Cambodia is currently short $3.5 million to fund a population census next year, and is trying to secure outside support, an official confirmed on Tuesday.
The Ministry of Economy and Finance has allocated $8.5 million for the count, below the $12 million required. Thus far, there have been no funding commitments from development partners, said Sok Kosal, deputy director general at the National Institute of Statistics.
For the previous two censuses, including the last one in 2008, which cost $8 million, development partners covered most of the costs. If the government is not able to secure the additional funding, Kosal said, it will still try to conduct the census with the available funds.
The United Nations Population Fund and the Japan International Cooperation Agency were among some of the developing partners that provided financial and technical support for the 2008 census, according to government documents. JICA did not respond to a request for comment on Tuesday.
Catherine Breen Kamkong , deputy representative for the United Nations Population Fund Cambodia (UNFPA), on Wednesday estimated Cambodia’s 2019 census funding gap at around $4.2 million, and said the UN agency had been working with the National Institute of Statistics to find donor support to close the funding gap.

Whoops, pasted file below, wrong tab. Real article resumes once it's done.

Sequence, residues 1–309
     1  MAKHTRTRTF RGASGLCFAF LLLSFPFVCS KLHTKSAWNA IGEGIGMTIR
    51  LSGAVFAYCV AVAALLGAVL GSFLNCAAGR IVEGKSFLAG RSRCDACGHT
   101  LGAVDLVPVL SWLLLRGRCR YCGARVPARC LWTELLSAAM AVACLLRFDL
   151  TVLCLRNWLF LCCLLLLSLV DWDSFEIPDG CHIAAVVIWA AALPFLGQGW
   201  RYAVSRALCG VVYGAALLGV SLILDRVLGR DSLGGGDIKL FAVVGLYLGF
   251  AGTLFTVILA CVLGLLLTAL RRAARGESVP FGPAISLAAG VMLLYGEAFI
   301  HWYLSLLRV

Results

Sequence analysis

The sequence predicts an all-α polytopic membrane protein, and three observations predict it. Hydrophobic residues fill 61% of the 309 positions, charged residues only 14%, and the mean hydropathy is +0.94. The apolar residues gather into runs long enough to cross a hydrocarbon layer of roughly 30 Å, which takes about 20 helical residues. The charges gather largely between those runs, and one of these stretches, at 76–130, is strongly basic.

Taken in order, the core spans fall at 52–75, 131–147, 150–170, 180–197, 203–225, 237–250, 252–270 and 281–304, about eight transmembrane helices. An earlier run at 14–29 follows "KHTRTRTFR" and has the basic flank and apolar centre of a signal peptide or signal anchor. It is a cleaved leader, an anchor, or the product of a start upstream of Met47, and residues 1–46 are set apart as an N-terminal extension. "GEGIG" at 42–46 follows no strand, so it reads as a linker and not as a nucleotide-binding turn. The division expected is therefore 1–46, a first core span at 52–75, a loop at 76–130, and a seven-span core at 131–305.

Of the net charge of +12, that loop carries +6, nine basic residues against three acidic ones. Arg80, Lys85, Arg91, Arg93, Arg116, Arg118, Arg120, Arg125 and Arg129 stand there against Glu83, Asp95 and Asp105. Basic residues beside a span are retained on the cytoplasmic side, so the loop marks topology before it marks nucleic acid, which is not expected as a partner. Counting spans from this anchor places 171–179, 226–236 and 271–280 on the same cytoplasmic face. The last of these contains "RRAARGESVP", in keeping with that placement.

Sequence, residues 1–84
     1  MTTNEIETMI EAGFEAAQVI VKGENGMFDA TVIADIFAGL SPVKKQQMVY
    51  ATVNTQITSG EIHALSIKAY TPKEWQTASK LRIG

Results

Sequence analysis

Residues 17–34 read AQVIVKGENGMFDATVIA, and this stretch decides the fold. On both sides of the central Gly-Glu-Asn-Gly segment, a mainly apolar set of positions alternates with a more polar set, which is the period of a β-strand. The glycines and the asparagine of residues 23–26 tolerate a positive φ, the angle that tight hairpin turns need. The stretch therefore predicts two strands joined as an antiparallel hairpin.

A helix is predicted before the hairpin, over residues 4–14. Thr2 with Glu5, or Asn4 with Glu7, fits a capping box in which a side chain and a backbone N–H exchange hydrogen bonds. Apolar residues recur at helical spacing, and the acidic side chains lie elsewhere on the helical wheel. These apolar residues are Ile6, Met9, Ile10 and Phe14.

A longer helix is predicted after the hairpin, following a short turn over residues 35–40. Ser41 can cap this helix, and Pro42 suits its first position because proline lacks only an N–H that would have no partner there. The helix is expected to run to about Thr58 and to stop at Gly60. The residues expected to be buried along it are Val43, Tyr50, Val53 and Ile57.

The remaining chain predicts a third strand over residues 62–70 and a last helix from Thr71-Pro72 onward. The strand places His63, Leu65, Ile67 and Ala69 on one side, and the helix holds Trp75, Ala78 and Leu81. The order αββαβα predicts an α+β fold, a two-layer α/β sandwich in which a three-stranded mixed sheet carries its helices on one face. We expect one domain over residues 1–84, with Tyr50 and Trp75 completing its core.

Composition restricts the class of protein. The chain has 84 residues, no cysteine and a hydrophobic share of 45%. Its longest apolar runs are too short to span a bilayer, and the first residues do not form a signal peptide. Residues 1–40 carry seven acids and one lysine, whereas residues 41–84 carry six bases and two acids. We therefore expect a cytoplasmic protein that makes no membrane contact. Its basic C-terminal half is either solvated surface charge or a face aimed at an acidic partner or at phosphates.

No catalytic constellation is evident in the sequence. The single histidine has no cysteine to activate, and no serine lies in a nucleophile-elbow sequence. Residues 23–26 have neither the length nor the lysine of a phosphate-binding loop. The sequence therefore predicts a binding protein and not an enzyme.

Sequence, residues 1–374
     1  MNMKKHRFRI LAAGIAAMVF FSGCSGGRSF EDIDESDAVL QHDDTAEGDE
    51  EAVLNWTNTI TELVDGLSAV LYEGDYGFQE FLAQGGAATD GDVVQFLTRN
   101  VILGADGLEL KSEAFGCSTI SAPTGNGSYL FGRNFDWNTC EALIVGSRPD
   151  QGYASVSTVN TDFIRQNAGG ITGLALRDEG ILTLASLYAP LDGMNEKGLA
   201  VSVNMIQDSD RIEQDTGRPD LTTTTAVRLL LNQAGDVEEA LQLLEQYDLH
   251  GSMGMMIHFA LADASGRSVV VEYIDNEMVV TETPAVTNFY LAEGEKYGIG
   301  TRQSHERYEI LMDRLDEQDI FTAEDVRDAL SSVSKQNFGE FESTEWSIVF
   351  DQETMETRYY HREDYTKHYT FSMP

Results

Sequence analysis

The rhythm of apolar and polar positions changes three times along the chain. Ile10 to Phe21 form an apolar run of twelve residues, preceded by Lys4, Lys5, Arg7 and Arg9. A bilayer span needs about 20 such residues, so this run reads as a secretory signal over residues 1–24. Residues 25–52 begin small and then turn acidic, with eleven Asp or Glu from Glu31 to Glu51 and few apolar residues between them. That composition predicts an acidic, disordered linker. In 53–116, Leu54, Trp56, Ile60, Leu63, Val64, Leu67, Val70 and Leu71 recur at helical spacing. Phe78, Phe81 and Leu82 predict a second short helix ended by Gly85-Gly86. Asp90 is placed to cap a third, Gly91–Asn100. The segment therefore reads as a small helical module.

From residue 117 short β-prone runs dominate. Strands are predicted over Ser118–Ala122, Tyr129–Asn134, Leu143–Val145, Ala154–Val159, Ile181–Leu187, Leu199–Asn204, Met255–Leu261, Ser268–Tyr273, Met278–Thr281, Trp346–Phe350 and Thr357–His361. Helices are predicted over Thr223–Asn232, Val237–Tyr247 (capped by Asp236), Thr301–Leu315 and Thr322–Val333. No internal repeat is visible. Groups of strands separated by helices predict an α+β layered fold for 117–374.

“Whilst a number of donors have indicated a potential interest in providing financial support there is still an unfunded gap of around 4.2 million USD which includes the resource gap that UNFPA requires to provide technical assistance with expert census technical advisors,” she wrote in an email.
Breen Kamkong confirmed that the Cambodia office provided financial and technical support for the two previous censuses in 2008 and 1998. For the 2019 census, the agency has continued to provide financial and technical support for preparatory requirements since 2015.
The census, which is conducted once each decade, was supposed to take place this year but will now begin March 3, 2019, supposedly because of July’s national elections.
Some 37,000 census workers and 9,000 supervisors will be deployed to collect the data, Kosal said.
“We are doing it according to the standard procedures recommended by the United Nations,” he said. “All development partners will observe the field data collection.”
Officials are now finalising the census questionnaire to collect demographic, social and economic statistics. The data will include births, deaths, migration, education and employment status, among other categories.
“The census data is to inform policymakers, and most of the questions are aligned with the sustainable development goals,” Kosal said.
A pilot census will be carried out after the Khmer New Year, which will be followed by a census campaign, he said. Staff at the central level will then be trained and later deployed to train staff at the lower levels.
A preliminary report with just demographics data will be released three months after the census is carried out, while the final report is expected to be published eight months later.
This article has been updated with comments from the United Nations Population Fund Cambodia.